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The assessment of daylight reflection from building envelopes

TitleThe assessment of daylight reflection from building envelopes
Publication TypeConference Proceedings
Year of Conference2013
AuthorsXiaoming Y, Grobe LO, Wittkopf SK
Conference NameCISBAT 2013
Number of Volumes2
Date Published09/2013
PublisherSolar Energy and Building Physics Laboratory (LESO - PB) Ecole Polytechnique Fédérale de Lausanne (EPFL)
Conference LocationLausanne
ISBN Number978-2-8399-1280-8
Keywordsbuilding envelope, daylighting, radiance, reflection, simulation

Buildings could influence surrounding microclimate with their envelope designs. Reflective surfaces on the building envelopes could reflect daylight to the neighbourhood and cause problems such as glare and overheating. For the surrounding drivers, pedestrians and building occupants in the area, the reflected sunlight from the building envelope becomes the bright spot in their view which results visual discomfort or impairment. For building envelope designs, it is important to analyse the effect of daylight reflection to the neighbourhood at design stage. This could reduce the risk of environmental problems and minimize the consequences cost after construction.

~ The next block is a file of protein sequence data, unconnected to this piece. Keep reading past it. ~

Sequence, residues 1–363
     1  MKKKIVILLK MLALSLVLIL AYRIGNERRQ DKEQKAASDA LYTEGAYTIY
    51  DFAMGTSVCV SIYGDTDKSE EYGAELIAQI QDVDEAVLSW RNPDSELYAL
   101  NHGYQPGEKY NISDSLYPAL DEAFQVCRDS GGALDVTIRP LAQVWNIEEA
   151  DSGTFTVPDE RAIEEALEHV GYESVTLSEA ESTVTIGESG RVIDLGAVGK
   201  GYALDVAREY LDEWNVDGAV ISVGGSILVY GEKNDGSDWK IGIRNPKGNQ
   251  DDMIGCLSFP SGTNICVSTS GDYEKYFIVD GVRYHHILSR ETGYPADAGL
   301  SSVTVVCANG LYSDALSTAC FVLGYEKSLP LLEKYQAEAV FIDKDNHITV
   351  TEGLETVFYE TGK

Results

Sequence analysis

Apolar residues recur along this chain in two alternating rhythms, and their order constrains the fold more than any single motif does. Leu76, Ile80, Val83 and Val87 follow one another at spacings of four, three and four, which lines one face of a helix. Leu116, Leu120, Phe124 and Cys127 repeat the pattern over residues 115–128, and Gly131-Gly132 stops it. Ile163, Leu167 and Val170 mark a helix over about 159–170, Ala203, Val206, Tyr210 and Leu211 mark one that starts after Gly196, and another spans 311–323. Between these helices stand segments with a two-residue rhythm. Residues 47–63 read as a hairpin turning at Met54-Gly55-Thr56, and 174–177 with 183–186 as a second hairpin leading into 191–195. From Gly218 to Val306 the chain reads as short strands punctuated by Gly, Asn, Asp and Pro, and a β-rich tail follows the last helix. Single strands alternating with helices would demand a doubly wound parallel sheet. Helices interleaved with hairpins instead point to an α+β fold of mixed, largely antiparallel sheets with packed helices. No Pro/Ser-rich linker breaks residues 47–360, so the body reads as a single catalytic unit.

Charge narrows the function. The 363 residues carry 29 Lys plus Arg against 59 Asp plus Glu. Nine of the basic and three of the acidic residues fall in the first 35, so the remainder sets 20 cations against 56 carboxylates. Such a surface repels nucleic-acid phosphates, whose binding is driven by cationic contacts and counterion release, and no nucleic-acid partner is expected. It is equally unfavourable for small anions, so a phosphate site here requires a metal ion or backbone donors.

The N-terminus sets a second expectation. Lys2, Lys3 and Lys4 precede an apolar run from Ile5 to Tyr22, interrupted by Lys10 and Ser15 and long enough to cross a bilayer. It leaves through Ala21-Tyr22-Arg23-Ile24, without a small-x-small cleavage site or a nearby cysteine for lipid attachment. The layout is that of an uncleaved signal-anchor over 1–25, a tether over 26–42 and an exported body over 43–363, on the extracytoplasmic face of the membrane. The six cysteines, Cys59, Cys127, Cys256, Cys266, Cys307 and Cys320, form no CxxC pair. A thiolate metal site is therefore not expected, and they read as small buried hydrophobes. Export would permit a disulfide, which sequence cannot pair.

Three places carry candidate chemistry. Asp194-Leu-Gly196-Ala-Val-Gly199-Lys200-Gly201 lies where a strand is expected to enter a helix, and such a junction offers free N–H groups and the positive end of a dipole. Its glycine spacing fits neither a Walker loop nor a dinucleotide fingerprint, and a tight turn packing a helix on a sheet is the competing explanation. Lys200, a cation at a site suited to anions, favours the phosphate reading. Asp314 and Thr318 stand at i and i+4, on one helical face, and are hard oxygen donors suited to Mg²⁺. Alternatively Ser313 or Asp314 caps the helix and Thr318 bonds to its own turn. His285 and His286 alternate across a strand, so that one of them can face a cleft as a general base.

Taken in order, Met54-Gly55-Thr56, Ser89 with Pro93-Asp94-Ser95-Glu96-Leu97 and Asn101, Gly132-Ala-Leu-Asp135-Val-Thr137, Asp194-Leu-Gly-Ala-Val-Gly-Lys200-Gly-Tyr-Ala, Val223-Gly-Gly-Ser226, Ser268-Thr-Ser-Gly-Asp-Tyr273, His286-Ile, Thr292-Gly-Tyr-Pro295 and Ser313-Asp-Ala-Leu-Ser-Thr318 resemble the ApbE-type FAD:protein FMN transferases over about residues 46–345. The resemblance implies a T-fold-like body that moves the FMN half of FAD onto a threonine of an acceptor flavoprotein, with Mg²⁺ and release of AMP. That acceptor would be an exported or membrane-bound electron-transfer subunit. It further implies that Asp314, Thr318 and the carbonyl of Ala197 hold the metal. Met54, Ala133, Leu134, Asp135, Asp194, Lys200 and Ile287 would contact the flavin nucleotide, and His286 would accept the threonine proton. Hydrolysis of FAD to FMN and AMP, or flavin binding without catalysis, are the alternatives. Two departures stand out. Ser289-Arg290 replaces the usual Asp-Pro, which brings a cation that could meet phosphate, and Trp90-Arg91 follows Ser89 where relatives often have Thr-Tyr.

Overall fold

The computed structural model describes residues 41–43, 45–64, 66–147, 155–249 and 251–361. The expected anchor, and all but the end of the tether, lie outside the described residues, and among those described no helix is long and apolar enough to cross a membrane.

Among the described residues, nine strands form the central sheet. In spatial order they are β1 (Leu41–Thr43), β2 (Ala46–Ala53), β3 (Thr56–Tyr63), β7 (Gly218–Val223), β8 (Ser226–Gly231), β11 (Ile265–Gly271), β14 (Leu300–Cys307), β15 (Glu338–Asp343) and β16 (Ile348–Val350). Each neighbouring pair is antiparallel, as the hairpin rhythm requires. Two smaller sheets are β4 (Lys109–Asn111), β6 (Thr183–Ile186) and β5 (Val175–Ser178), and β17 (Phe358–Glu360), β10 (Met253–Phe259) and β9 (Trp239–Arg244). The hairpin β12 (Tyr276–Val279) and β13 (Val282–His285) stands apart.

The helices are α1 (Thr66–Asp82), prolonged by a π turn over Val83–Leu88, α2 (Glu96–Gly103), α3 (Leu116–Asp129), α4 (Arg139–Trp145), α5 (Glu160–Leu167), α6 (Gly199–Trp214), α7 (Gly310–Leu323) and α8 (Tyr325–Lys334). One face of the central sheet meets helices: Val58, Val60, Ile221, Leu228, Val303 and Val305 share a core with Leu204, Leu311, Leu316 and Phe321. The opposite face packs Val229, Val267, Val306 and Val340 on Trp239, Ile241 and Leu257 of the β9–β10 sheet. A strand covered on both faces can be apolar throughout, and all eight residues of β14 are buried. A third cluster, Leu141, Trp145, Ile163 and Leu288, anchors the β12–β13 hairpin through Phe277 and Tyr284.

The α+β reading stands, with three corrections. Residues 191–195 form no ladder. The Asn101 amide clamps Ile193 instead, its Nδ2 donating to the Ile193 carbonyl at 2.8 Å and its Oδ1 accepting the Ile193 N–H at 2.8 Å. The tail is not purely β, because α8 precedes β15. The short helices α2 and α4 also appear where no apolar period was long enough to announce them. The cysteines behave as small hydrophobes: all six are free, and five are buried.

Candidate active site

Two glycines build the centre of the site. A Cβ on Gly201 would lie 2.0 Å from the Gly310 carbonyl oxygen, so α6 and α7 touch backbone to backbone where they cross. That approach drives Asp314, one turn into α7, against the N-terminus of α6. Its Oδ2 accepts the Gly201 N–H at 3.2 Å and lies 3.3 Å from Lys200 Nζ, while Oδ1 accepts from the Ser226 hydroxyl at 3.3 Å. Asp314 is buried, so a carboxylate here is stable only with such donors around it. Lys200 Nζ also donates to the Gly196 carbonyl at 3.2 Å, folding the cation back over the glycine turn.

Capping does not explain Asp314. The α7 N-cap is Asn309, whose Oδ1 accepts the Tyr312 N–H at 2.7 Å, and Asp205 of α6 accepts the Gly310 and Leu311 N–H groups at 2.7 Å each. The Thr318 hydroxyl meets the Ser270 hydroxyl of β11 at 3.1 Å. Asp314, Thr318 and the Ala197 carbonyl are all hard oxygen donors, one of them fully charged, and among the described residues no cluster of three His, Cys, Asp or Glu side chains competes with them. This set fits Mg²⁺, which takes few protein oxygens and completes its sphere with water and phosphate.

A software tool to evaluate the reflected daylight from building envelopes has been developed. It is implemented on parametric design platform GRASSHOPPER using RADIANCE as background simulation engine. As shown in the case study, using the tool, the form of the assessed building envelope could be analysed and the critical areas around the assessed building including roads, pavements and façades of neighbouring buildings are examined for potential concentration of reflected daylight. Rich information is recorded for the critical areas: annual reflected solar radiation, period with irradiance value above threshold, origin of the reflected daylight on the assessed building envelope, etc. This information could help designers to optimize the form of the envelope and make façade material selection. The tool shows potentials for architects to understand the impact of their designs and avoid potential environmental problems.